Remember how blitzes were hurting the secondary? This team has a blitz success rate near the bottom nationally (35 percent). That means Allen loses two-thirds of the time when he ratchets up pressure.

Expect some busted runs for Karan Higdon, who’s looking to rebound from a disappointing outing versus Rutgers.

Advantage: Michigan

Michigan defense vs Indiana offense


Indiana’s offensive brain trust includes a handful of Michigan alumni — Mike Hart (running backs), Nick Sheridan (quarterbacks) and Mike DeBord (offensive coordinator). We’ll get to Hart in the next section.

Sheridan has molded Peyton Ramsey into a competent Big Ten quarterback. The sophomore has connected on 67 percent of his throws for 2,335 yards, 17 touchdowns and 11 interceptions. That completion rate and yardage total are second and third in the league, respectively.

He just lacks explosiveness. His 6.5 yards an attempt rank No. 10 in the Big Ten, and the passing attack is the No. 124 in the nation in plays over 20 yards or more. To emphasize the point, Pro Football Focus grade ranked him last in the following:

Pro Football Focus

Basically, this is Northwestern’s passing game with better receivers. The first is 6-foot-3 Nick Westbrook on the outside. He’s targeted the most, and has 30 catches for 381 yards and three scores.

He can go up and grab it, even against a Don Brown secondary.

The other tall drink of water outside is 6-foot-4 Donavan Hale, who leads in yardage and touchdowns with 425 and six.

David Long and Brandon Watson have proved their physicality all season, so they should cope. That leaves Lavert Hill, Josh Metellusboth hopefully healthy — and the safeties to cover some solid slots.

While the Hoosiers lost Whop Pilyor — 13 catches for 148 yards versus Michigan State — Luke Timian and J-Shun Harris are alternatives. Wolverine fans may remember Timian from last year in Bloomington.

He snared seven balls for 95 yards last year, and has 35 receptions for 323 yards in 2018. He’s more in the Grant Perry mold of possession receiver over big-play threat, gaining less than 10 yards a catch.

Harris is more of an athlete — we’ll talk about him as a punt returner — but he’s only used it on shorter routes for 34 catches for 303 yards and two touchdowns.

If the secondary stays tight with their assignments, the pass rush should feast. An experienced line cedes 2.3 sacks a game, good for just No. 75 nationally. In particular, left tackle Coy Cronk could be a turnstile for Chase Winovich and Josh Uche.

Advantage: Michigan


Here’s where Hart enters the discussion. Despite losing original starter Morgan Ellison, he’s mentored freshman Stevie Scott to 894 yards on five a tote.

In September, he gashed a solid defense in Virginia to the tune of 204 yards. A month later versus Penn State, he totaled 138 yards on 26 attempts.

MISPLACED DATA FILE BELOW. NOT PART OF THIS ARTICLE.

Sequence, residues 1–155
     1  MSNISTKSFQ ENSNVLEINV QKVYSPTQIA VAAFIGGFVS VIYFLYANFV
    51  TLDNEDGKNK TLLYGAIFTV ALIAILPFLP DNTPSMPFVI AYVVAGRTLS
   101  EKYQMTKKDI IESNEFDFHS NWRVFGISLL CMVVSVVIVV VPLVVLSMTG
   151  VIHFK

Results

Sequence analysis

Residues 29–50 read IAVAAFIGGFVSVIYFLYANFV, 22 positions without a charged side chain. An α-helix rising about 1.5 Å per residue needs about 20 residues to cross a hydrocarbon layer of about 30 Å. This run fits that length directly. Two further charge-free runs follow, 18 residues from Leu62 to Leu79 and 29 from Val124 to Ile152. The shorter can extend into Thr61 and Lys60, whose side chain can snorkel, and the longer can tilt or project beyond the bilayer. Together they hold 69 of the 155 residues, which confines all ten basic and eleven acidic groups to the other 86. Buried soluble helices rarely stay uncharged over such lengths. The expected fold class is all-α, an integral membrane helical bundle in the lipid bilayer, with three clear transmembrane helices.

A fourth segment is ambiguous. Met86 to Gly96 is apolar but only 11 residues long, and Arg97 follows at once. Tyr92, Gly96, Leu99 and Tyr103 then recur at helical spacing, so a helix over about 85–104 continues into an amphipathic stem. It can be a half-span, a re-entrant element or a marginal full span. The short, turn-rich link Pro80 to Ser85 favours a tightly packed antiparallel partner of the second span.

Side note: Hart and Scott are not only linked through Indiana football. Both hail from Syracuse, N.Y.

Like much of Debord’s offense, it’s not explosive but picks up chunks of yardage a little at a time.

Scott’s emergence is made more impressive by the fact the offensive line — all starters returned this fall with some starting experience — is middling at getting push. They rank No. 64 nationally in line yards on standard downs.

Both Iowa and Michigan State held him under 30 yards, and Michigan presents a more versatile challenge defensively. This should be tough-sledding, especially if the passing game can't operate in the snow.

Advantage: Michigan


Junior kicker Logan Justus is a solid 13-of-15 on the year. Quinn Nordin hasn’t connected on a field goal since Wisconsin on Oct. 13.

Junior punter Haydon Whitehead barely clears 40 yards a boot, whereas Will Hart recently got snubbed for the Ray Guy Award semifinalist list.

Harris recorded a punt return touchdown in mid-September against Ball State, and averages over 10 yards a return, otherwise.


Jim Harbaugh’s team holds every advantage and possesses something that held them back the last two years: a genuine quarterback.

John O’Korn couldn’t surpass 60 passing yards in either 2016 or 2017. Patterson is tied for first in the Big Ten in yards per attempt (8.5), nearly has 2,000 yards and holds a 17-3 TD-INT ratio.

This means the only thing to potentially bog down the offense is the inclement weather.

On defense, there’s a chance the constant dinking and dunking from Ramsey will stress anyone in slot coverage. However, Don Brown trots out the No. 1 pass defense in:

  • S&P+ efficiency
  • Completion percentage
  • Sack Rate
  • Total yardage

Add in the snow, and it’s not a recipe for success for the Hoosiers.

This is the year where Michigan finally puts away Indiana early.

Michigan 35, Indiana 6